Ending the practice of capital punishment

Feb. 10

The St. Louis Post-Dispatch

For the first time in its history, America has a president who is on record favoring complete abolition of the death penalty. President Joe Biden has an opportunity to finally rid America of this barbaric practice by dismantling the federal execution system and creating incentives for states to follow suit. And he could do it with relatively little expenditure of political capital.

Biden, a former death-penalty supporter, has evolved — as has much of America. Public support for the death penalty is lower now than it’s been in more than half a century. DNA technology has exonerated scores of death row inmates since the 1970s. The pattern of proven innocence strongly suggests that others — perhaps many others — have been wrongly executed. Data shows the death penalty continues to be both ineffective as a deterrent and rife with race- and class-based unfairness.

None of this stopped the Trump administration from engaging in a late-term execution spree of federal prisoners, killing 13 of them during its final months in office. The first federal executions in 17 years, they included five during the presidential transition, one of them just days before the inauguration of a new president who had already said he would halt any pending executions. They were the most federal executions conducted in one year since 1896, and the first time since 1889 that an outgoing administration had carried out an execution after losing reelection.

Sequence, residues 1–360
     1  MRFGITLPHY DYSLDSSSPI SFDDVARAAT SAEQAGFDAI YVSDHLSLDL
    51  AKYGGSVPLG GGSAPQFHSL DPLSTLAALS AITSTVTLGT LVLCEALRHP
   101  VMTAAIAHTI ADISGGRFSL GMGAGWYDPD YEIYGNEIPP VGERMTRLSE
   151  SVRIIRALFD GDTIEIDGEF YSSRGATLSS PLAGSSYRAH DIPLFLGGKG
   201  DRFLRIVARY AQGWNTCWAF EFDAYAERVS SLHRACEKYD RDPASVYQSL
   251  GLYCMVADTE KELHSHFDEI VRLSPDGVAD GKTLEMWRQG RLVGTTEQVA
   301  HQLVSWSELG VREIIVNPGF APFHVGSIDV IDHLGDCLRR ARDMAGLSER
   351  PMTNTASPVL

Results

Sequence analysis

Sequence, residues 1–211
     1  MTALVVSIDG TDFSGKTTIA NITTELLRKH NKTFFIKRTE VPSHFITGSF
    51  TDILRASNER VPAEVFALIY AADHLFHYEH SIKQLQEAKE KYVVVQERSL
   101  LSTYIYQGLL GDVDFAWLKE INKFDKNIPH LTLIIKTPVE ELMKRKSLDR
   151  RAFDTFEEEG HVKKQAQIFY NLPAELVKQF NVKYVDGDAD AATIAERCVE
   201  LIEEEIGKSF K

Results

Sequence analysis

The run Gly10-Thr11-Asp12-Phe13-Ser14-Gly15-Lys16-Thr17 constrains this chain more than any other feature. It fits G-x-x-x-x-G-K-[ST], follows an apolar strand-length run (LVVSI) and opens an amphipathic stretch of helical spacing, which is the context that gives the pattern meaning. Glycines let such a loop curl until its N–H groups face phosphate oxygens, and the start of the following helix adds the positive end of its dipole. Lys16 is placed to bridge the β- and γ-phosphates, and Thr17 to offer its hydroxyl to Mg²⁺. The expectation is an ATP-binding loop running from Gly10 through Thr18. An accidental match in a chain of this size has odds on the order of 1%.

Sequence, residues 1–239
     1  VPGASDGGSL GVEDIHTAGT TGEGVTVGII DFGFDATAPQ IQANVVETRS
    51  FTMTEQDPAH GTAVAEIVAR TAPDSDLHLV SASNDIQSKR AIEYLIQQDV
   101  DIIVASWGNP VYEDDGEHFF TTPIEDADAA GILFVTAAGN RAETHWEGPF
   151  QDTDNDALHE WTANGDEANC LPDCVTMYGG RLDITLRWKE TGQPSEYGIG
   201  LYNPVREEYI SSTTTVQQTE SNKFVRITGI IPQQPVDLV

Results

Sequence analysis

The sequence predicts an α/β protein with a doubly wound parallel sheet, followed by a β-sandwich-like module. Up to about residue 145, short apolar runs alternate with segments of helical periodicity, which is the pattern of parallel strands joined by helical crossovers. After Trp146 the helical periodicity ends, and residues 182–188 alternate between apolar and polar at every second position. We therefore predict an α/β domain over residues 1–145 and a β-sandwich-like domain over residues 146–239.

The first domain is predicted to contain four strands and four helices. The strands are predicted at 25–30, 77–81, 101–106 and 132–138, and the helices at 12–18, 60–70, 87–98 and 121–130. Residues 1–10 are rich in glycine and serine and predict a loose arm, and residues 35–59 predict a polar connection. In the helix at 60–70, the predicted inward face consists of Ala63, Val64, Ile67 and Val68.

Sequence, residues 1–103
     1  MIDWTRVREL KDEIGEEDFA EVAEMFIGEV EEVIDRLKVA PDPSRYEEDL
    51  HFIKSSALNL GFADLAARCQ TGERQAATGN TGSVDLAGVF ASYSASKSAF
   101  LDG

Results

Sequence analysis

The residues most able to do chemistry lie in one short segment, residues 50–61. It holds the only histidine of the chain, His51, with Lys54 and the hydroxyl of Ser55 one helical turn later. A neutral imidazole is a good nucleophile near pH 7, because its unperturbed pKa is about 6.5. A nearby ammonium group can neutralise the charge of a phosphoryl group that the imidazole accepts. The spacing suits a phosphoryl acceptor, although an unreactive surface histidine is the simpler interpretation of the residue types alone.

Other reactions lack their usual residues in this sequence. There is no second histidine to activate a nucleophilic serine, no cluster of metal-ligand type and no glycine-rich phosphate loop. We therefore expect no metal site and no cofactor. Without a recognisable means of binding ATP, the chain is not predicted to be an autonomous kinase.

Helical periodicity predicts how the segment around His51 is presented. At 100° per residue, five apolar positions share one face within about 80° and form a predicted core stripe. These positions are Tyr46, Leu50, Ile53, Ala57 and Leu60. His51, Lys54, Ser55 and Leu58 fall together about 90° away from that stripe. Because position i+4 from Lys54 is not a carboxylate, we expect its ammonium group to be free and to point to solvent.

Capital punishment isn’t the hot-button issue it once was. But it’s also less popular than it’s been in decades. Public support for the death penalty hovered around 80 percent as late as the 1990s, but now it sits at just over 50 percent — and well below that when poll respondents are asked to choose between executing murderers or imprisoning them for life without parole.

As the American Civil Liberties Union and scores of other advocacy groups pointed out in a letter to Biden this week, merely declining to carry out federal executions, as the Obama administration did, isn’t enough. Such an “informal federal death penalty moratorium,” they note, won’t prevent future presidents from resuming the killing.

With the stroke of a pen, Biden can and should commute all federal death sentences to life without parole, direct the Justice Department not to seek death sentences going forward and dismantle the federal death chamber at Terre Haute, Indiana. Biden can’t unilaterally clear state-level death rows, but with the federal power of the purse nudging states toward abolition is a realistic goal.

It’s past time for America to join the overwhelming portion of the advanced world that has already declared, in the words of the late Justice Harry Blackmun, that they “no longer shall tinker with the machinery of death.”


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